In Brussels: Minister Puigneró denounces "digital repression" ahead of independence vote

Calls on European Union to take a stand on "very serious acts, unacceptable in 21st century Europe"

Jordi Puigneró, Minister of Digital Policy and Public Administration, today presented Emily O'Reilly, European Ombudsman, with a complaint about "digital repression" related to the blocking of web pages prior to and during the October 1st independence referendum in Catalonia.

Puigneró complained that he now has to appeal to the European Ombudsman due to the silence of Andrus Ansip, Vice-President of the European Commission, who is responsible for the Digital Agenda. Puigneró sent him a letter a year ago and has not received an answer, even though Ansip promised several times to do so, Puigneró explained to the press. "Since this letter has not been answered yet, we have decided to take new steps because these events cannot be left unresolved," explained the Catalan minister.

In the complaint made public today and delivered to the Ombudsman's office, the Government of the Generalitat accuses "the government of Spain of digital repression and illegal censorship ahead of the referendum". "The Spanish government blocked and censored not only the referendum's website, not just other pages related to the referendum, but also other websites connected with the independence movement," explains the letter. Puigneró emphasized that these measures are contrary to articles 19 and 10 of the European Convention on Human Rights, as well as several European directives. He regretted that the Vice President of the EU administration "failed to report and make visible to European institutions that the values of a free and open internet have been violated in Spain."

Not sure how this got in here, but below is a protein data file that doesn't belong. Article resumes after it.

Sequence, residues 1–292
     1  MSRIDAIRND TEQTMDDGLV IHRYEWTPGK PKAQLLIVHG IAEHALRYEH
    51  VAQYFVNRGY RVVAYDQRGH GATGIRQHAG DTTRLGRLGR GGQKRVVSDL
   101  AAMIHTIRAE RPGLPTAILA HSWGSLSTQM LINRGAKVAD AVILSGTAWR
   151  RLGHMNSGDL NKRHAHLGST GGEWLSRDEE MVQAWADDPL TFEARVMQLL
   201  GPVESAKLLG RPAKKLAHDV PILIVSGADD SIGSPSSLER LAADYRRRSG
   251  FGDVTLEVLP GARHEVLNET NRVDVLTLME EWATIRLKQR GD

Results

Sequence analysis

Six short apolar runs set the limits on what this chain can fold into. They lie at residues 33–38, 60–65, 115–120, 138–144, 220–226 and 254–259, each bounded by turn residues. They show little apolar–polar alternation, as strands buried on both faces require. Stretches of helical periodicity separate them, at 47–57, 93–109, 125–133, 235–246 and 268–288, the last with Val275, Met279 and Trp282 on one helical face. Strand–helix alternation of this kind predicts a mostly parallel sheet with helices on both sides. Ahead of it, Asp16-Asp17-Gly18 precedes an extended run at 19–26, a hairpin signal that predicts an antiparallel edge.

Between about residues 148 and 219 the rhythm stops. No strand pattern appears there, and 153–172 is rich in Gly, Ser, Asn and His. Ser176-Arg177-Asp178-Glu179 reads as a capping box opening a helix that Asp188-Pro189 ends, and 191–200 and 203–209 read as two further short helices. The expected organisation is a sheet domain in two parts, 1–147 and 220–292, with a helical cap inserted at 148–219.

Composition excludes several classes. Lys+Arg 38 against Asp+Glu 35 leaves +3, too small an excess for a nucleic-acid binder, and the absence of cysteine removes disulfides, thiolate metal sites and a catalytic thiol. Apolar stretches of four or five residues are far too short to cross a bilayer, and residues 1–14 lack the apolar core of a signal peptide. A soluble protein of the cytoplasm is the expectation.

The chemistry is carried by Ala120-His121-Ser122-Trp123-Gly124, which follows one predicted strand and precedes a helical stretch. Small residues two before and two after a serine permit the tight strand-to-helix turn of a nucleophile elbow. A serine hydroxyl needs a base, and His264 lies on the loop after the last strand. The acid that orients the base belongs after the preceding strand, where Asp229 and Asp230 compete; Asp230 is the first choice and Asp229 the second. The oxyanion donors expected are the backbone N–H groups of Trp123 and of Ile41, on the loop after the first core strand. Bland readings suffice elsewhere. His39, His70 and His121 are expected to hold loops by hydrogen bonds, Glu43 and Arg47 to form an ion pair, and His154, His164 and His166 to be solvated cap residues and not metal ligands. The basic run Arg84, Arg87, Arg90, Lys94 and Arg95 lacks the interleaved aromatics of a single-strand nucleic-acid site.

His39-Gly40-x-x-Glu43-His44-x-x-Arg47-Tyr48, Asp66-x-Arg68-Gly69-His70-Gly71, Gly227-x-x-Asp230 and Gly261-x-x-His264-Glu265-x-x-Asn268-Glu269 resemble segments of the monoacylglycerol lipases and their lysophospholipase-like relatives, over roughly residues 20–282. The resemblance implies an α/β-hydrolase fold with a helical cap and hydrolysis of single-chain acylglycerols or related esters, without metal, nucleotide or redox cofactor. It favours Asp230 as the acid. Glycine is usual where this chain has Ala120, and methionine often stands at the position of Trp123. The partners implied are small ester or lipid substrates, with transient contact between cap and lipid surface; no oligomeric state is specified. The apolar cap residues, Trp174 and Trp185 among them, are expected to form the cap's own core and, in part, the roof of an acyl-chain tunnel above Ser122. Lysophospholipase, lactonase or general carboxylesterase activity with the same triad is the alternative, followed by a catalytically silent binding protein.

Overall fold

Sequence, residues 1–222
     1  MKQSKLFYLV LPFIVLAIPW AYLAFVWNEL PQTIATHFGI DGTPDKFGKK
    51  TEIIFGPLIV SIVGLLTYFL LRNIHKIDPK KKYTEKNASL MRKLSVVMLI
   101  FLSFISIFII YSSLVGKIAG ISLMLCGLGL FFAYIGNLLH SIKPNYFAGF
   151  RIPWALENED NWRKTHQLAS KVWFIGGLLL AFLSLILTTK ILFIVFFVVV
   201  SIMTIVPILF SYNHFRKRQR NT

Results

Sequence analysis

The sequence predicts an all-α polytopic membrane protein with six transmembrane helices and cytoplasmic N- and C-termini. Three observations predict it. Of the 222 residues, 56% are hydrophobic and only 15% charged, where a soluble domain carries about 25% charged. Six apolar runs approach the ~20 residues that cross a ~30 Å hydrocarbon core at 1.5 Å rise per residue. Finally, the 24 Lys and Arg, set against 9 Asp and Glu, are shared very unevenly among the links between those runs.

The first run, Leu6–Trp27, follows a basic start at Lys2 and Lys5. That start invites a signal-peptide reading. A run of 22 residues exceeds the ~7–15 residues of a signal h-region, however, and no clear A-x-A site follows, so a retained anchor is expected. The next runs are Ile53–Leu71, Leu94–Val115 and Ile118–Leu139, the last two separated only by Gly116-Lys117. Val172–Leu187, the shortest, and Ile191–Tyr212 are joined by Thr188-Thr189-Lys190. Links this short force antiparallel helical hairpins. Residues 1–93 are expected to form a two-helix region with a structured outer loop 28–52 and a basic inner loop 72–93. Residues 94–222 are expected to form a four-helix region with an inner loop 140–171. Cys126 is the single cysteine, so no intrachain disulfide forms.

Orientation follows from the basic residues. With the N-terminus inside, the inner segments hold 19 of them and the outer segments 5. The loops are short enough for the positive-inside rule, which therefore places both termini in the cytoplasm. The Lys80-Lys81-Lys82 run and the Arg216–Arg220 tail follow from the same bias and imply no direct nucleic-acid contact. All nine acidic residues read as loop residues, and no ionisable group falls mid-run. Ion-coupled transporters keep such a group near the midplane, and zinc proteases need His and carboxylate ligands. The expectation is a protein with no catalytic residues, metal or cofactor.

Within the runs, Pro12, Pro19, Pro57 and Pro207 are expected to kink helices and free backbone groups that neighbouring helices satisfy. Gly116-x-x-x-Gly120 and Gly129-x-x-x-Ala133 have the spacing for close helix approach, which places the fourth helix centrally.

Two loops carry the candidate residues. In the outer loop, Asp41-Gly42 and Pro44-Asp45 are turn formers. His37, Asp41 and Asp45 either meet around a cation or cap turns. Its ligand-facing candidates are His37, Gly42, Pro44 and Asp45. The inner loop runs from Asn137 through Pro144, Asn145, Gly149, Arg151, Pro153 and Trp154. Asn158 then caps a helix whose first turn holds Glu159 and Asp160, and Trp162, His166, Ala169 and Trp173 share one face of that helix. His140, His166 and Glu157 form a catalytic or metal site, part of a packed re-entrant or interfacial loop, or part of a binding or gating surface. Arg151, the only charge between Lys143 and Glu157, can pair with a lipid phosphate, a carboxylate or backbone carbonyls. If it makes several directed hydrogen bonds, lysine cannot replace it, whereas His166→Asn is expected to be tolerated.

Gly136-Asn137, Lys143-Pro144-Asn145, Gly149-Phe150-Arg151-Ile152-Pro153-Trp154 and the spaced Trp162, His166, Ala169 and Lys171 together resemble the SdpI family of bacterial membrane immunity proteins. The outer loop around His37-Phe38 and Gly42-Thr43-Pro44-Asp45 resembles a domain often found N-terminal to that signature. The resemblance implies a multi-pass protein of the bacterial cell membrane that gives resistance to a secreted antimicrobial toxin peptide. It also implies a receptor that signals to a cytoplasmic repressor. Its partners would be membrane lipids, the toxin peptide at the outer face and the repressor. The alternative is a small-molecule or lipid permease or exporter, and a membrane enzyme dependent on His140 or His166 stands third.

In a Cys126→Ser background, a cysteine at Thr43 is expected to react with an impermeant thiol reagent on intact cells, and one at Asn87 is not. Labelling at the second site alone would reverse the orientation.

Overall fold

"We are asking the EU to take a stand on very serious events," said Puigneró. "Digital repression is inadmissible in 21st century Europe and, therefore, it cannot be repeated in any EU country," he said. Today Puigneró also met with forty MEPs to whom he provided more details about the websites that were taken down, with the goal of having a parliamentary question posed before the European Commission so that it finally provides an answer, and to "force a double positioning," Puigneró argued.

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